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Research projects

 

North-South Gradient

(2014 - )

Project holder: Joël Bêty

The nine CEN field stations and 110 environmental monitoring stations span a remarkable gradient of climate regimes and ecozones over 3500 km, from high boreal forest (Radisson) to forest and shrub tundra (W-K, Umiujaq, Clearwater Lake, Boniface), true tundra (Salluit, Nettilling Lake) and polar desert (Bylot Island, Ward Hunt Island). This integrative project aims to facilitate access to these sites and to coordinate the collection of environmental observations along this 30 degree latitudinal gradient, to better understand and predict the impact of environmental change on northern geo-ecosystems.

The approaches in the North-South Gradient project will include:

Module 1. Synthesis and analysis of existing physical and biological data to define the north-south gradients of change.

Module 2. Development of a sampling strategy to detect change along the latitudinal gradient including formulation and application of standard protocols.

Module 3. Application of new observation technologies including automated and wireless networks.

Module 4. Integration of the gradient data into spatial models to project future change.

 
 

Hudsonia21

(2014 - )

Project holder: Najat Bhiry

Hudsonia 21 (Hudsonie21) aims to achieve an integrated analysis of the nature and consequences of socio-economic and environmental change during the 21st century in the eastern Hudson Bay region, from James Bay to the northern limit of the forest-tundra biome. The project builds on the classic studies undertaken by CEN researchers during the 1960s in the Whapmagoostui-Kuujjuarapik (W-K) region. This region is now experiencing rapid climate change with associated effects on landscapes such as permafrost thaw, and on ecosystems such as a northward expansion of trees and shrubs. Animal species that are new to the region are becoming increasingly prevalent, notably musk ox and moose, and the area is also experiencing rapid development, with Government of Québec intentions to connect W-K by road to the South, and to develop a deep water port. The CEN station at W-K will be the hub for these activities, with secondary locations at the CEN stations at Radisson, Umiujaq, Clearwater Lake and Boniface.

Module 1. Vegetation ecology of the high boreal forest and forest tundra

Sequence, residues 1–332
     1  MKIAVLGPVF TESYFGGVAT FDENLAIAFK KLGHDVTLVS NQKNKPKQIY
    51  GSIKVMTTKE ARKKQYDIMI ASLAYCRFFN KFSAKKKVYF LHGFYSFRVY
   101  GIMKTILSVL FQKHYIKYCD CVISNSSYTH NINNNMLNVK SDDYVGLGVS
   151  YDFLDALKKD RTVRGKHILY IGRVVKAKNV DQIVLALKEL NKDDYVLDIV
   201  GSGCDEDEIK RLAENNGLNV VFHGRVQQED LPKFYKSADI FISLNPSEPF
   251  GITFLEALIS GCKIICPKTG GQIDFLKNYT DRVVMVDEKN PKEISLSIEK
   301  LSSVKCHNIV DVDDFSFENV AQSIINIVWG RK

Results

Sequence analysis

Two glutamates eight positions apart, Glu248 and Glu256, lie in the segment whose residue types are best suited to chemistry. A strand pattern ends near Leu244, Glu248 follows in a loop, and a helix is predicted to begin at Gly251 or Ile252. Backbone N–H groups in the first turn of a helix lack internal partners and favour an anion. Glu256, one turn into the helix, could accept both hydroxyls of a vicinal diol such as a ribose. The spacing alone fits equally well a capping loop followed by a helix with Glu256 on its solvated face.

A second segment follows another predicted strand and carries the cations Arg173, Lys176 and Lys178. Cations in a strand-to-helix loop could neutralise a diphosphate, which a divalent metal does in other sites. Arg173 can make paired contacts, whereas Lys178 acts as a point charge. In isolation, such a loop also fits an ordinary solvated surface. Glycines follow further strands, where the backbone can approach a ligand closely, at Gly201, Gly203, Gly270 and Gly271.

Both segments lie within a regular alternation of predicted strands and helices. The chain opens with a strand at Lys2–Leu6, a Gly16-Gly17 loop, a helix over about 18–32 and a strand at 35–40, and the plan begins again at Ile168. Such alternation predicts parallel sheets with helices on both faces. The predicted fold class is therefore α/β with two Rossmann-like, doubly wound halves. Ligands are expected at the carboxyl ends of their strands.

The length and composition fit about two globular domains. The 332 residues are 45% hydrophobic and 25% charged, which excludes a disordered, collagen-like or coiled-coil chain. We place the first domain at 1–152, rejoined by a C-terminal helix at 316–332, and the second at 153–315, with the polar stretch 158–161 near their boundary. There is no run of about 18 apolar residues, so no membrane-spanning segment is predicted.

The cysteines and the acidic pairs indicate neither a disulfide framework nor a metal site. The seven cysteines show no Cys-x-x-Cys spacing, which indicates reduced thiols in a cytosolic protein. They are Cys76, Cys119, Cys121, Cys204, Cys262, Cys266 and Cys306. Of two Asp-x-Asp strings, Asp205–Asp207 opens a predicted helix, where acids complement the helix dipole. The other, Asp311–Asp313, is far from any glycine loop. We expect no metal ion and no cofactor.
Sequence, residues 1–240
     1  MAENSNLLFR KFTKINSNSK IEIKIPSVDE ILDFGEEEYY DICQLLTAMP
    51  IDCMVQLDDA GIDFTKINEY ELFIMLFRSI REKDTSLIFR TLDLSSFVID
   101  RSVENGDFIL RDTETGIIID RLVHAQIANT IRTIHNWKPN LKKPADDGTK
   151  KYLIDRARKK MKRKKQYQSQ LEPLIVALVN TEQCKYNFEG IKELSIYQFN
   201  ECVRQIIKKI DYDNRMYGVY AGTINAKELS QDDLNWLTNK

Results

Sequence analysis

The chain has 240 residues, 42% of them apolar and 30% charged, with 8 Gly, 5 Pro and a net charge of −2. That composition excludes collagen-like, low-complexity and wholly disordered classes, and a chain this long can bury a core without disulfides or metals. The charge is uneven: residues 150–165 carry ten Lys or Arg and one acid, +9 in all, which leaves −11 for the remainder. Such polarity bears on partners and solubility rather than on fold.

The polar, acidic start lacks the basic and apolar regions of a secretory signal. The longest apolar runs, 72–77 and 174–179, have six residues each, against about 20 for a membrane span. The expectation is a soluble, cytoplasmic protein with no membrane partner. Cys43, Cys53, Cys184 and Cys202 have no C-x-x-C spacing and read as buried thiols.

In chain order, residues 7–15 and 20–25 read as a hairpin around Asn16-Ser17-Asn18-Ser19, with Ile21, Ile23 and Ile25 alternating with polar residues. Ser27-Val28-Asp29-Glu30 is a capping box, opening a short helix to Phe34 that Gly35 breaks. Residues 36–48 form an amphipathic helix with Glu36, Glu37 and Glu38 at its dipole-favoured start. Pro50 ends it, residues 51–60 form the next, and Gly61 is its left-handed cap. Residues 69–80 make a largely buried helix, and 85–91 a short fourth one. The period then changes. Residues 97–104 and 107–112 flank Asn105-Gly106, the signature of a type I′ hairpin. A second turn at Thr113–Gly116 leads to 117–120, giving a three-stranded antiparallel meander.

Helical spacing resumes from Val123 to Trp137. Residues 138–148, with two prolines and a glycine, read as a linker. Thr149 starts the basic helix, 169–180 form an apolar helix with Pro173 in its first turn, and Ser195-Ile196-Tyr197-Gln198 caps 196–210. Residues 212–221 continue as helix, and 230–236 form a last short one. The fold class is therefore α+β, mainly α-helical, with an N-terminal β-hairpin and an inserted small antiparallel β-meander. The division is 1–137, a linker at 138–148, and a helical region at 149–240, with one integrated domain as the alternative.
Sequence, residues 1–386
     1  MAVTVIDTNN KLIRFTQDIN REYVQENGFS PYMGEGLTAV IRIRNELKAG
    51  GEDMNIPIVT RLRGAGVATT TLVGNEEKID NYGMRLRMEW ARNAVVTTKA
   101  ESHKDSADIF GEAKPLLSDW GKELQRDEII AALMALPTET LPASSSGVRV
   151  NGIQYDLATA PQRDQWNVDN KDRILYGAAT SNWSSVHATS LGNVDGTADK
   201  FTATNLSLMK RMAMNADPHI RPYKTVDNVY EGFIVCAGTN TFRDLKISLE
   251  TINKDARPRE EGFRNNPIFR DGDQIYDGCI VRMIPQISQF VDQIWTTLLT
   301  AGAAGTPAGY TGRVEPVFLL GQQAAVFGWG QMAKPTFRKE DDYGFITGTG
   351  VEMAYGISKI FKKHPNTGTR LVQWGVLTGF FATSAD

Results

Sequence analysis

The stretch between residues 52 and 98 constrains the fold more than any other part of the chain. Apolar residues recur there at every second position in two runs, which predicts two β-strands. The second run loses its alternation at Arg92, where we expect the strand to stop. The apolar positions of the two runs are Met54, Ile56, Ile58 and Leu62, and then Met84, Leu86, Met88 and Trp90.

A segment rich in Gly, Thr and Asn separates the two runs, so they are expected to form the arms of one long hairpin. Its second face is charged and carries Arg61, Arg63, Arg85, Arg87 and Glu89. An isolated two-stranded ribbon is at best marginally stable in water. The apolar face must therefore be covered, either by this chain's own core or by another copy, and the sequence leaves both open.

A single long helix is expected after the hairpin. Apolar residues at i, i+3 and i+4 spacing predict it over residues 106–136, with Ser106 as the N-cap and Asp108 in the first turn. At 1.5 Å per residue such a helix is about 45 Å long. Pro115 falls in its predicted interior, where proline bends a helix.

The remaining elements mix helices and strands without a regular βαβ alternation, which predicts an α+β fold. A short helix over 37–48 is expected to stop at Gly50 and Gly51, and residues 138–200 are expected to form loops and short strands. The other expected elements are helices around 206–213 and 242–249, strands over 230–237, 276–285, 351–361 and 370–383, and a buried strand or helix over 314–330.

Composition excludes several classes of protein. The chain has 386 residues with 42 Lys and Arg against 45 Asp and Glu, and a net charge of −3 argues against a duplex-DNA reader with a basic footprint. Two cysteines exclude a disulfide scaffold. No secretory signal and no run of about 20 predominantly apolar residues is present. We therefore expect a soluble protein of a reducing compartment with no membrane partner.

Module 2. Plant diversity and landscape dynamics of wetlands

Module 3. Freshwater ecosystems on permafrost landscapes in transition

Module 4. Bathymetry, limnology and geochemistry of an ancient crater lake: Lac à l’eau claire

Module 5. Changing freshwater resources of the Hudson Bay region

Module 6. Snow-vegetation interactions and feedback processes

Module 7. Animal diversity and change: insects, bird and mammals

 
 

Observatoire québécois de la biodiversité

(2014 - )

 
 

International Human-Environment Observatory Nunavik

(2013 - )

The project OHMI aims to study the quality of life in a northern community and the local changes in ecosystems and biodiversity in this region. The multi- and inter-disciplinary research will focus in particular on environmental and social-economic aspects, which do not specifically fall within the scope of current programs. These aspects will be studied from complementary perspectives: wildlife, resources, health, housing, employment, environmental safety. The site selected is Inuit village of Kangiqsujuaq in Nunavik. This village has around 700 inhabitants, is situated close to a globally major nickel mine (the Raglan mine operated by Glencore; 1.3 million tonnes produced each year); is close to Pingualuit National Park, and is the site of a proposed deep-water port project the Government of Québec plan for development.

 
 

Avativut, Science in Nunavik, learning in relation to the territory

(2012 - )

 
 

Caribou Ungava, on migratory caribou of the Québec-Labrador Peninsula

(2009 - )

 
 

Projet Salluit, research on permafrost in the Salluit region, Nunavik

(2002 - )

 
 

Arctic rodent monitoring in North America

(1992 - )

Arctic rodents, such as lemmings and voles, are an important component of the tundra ecosystem. They are prey to many predators, both avian (owls, hawks, jaegers, falcons, gulls) and terrestrial (foxes, wolves and weasels). Populations of lemmings and voles are known to follow 3 to 5-year abundance cycles in many areas. Factors like food limitation, predation and inter-specific competition have been suggested to explain these cyclic fluctuations. In some areas, such as eastern Greenland and some parts of Scandinavia, arctic rodent cycles have been disrupted, possibly due to changes in snow cover triggered by climate change. The collapse of arctic rodent populations could have major effects on the entire tundra food web. Further research is needed to fully understand the interactions between these important prey species, their predators and climate change in the Arctic.

Arctic rodents have been identified as a key component to monitor by the Circumpolar Biodiversity Monitoring Program, an initiative of the Conservation of Arctic Flora and Fauna, in order to document the general health of the tundra arctic esosystem (Christensen et al. 2013 ). In a recent review, Ehrich et al. (in preparation) identified 49 sites across the circumpolar tundra biome where lemming populations have been monitored in recent years, including 15 in North America. We here present the sites where arctic rodents are monitored in the tundra biome of North America, as well as some advices on how to implement such monitoring programs and archive the data.

 
 

Projet Île Bylot, Ecological Studies and Environmental Monitoring at Bylot Island

(1988 - )

 

 

 

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